But the group is radical in more ways than one. Abu Bakr al-Baghdadi, the ISIS founder who now claims the mantle of the Prophet, calls for a war on the 10 percent of the world’s Muslims who follow the Shia tradition. His foundational screed calls for his soldiers to “greedily drink the blood” of non-believers.

“This is something that is characteristic of our time, to reestablish an ideological empire,” a Turkish scholar named Serif Mardin once told me, a look of distaste crossing his face. “A sweet caliph of ancient times is overwhelmed by this modern military idea. I mean, the caliph is supposed to be a nice guy.” That is one thing the new self-declared caliph does not appear to be.

TIME

Kerry: Syrian Moderate Rebels Could Help in Iraq

JEDDAH, Saudi Arabia — Secretary of State John Kerry signaled on Friday that the U.S. hopes to enlist moderate Syrian opposition fighters that the Obama administration has reluctantly decided to arm and train in the battle against militant extremists in neighboring Iraq.

Obama sent Congress a $500 million request Thursday for a Pentagon-run program that would significantly expand previous covert efforts to arm rebels fighting both the Sunni extremists and forces loyal to Syrian President Bashar Assad. The move that comes amid increased U.S. concern that the conflicts in Syria and Iraq are becoming an intertwined fight against the same Sunni extremist group.

If approved by lawmakers, the program would in effect open a second front in the fight against militants with the Islamic State of Iraq and the Levant, or ISIL, that is spilling over Syria’s border and threatening to overwhelm Iraq.

“Obviously, in light of what has happened in Iraq, we have even more to talk about in terms of the moderate opposition in Syria, which has the ability to be a very important player in pushing back against ISIL’s presence and to have them not just in Syria, but also in Iraq,” Kerry said at the start of a meeting with Syrian opposition leader Ahmad al-Jarba.

Al-Jarba thanked the Obama administration for requesting the $500 million, but said his rebels want even more foreign aid to fight two fronts: a bloody insurgency and their so-far unsuccessful effort to oust Assad.

“We still need greater assistance,” al-Jarba said, speaking through a translator. “We hope for greater cooperation with the U.S.” He said General Abdullah al-Bashir, the head of the military wing of the Syrian opposition, “is ready to cooperate with the U.S. side.”

Al-Jarba called the crisis that has gripped Iraq in the last month “very grave” and blamed Iraqi Prime Minister Nouri al-Maliki for policies that he said have divided the country. Iraq is 60 percent Shiite, and the rest nearly evenly split between minority Sunnis and Kurds. Iraqi Sunnis, who enjoyed far greater privileges during Saddam Hussein’s regime, have decried al-Maliki’s leadership and accused him of sidelining minority groups from power.

“The borders between Iraq and Syria are practically open,” al-Jarba told Kerry. ISIL seized a key border crossing between Iraq and Syria in the last week.

Kerry traveled through the Mideast over the last week to try to broker a political agreement with Iraqi leaders to give more authority to Sunnis in hopes of easing sectarian tensions and, in turn, help quell the dominantly Sunni insurgency.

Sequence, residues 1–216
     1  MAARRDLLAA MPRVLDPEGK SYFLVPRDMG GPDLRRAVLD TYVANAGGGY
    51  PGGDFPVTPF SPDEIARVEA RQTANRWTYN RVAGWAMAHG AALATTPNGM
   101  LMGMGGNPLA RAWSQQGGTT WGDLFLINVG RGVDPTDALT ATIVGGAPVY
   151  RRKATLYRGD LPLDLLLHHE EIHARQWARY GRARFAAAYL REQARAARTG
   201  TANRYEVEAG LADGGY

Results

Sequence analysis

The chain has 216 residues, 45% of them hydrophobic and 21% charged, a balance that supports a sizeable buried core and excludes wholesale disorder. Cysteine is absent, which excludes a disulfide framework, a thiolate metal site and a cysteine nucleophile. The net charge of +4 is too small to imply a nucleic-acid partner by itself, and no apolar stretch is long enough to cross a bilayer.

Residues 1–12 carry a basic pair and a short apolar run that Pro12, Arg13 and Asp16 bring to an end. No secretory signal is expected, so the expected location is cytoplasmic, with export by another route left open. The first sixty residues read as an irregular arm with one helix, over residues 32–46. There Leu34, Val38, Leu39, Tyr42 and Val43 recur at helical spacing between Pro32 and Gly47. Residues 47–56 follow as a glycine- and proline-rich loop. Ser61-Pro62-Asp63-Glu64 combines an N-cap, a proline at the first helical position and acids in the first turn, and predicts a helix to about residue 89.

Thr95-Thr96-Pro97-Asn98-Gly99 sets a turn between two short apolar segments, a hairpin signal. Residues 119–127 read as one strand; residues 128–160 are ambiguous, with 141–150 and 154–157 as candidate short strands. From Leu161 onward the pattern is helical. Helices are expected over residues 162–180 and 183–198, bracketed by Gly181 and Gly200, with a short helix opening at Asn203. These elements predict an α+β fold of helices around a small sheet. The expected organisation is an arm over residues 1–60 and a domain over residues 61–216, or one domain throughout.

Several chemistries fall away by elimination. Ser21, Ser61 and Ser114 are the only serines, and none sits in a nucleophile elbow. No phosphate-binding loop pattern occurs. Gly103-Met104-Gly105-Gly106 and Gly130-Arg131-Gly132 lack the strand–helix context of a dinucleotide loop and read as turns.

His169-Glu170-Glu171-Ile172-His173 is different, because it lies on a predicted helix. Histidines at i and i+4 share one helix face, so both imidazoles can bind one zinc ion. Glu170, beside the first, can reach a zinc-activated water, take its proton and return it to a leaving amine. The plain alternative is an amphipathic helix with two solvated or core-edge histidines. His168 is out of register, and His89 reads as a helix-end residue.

Kerry also met with King Abdullah of Saudi Arabia, where it was expected he would seek the monarch’s help in supporting Sunni efforts to combat the Sunni insurgency. More than 90 percent of Saudi Arabians are Sunni Muslims.

Obama has long been reluctant to arm the Syrian opposition, in part because of concerns that weapons may fall into extremist hands, a risk that appears to have only heightened now that ISIL has strengthened. But Obama’s request to Congress appeared to indicate that tackling the crumbling security situation in Syria and Iraq trumped those concerns.

White House spokeswoman Caitlin Hayden said the military assistance “marks another step toward helping the Syrian people defend themselves against regime attacks, push back against the growing number of extremists like ISIL who find safe haven in the chaos, and take their future into their own hands by enhancing security and stability at local levels.”

The Syria program is part of a broader, $65.8 billion overseas operations request that the administration sent to Capitol Hill on Thursday. The package includes $1 billion to help stabilize nations bordering Syria that are struggling with the effects of the civil war. It also formalizes a request for a previously announced $1 billion to strengthen the U.S. military presence in Central and Eastern Europe amid Russia’s threatening moves in Ukraine.

With ISIL gaining strength, U.S. officials say Assad’s forces launched airstrikes on extremist targets inside Iraq on Monday. The U.S. is also weighing targeted strikes against ISIL in Iraq, creating an odd alignment with one of Washington’s biggest foes.

Obama has ruled out sending U.S. troops back into combat in Iraq. But he has dispatched nearly 600 U.S. forces in and around Iraq to train local forces and secure the American Embassy in Baghdad and other U.S. interests.

The White House has been hinting for weeks that Obama was preparing to step up assistance to the Syrian rebels. In a commencement speech at West Point on May 28, he said that by helping those fighting for a free Syria, “we also push back against the growing number of extremists who find safe haven in the chaos.”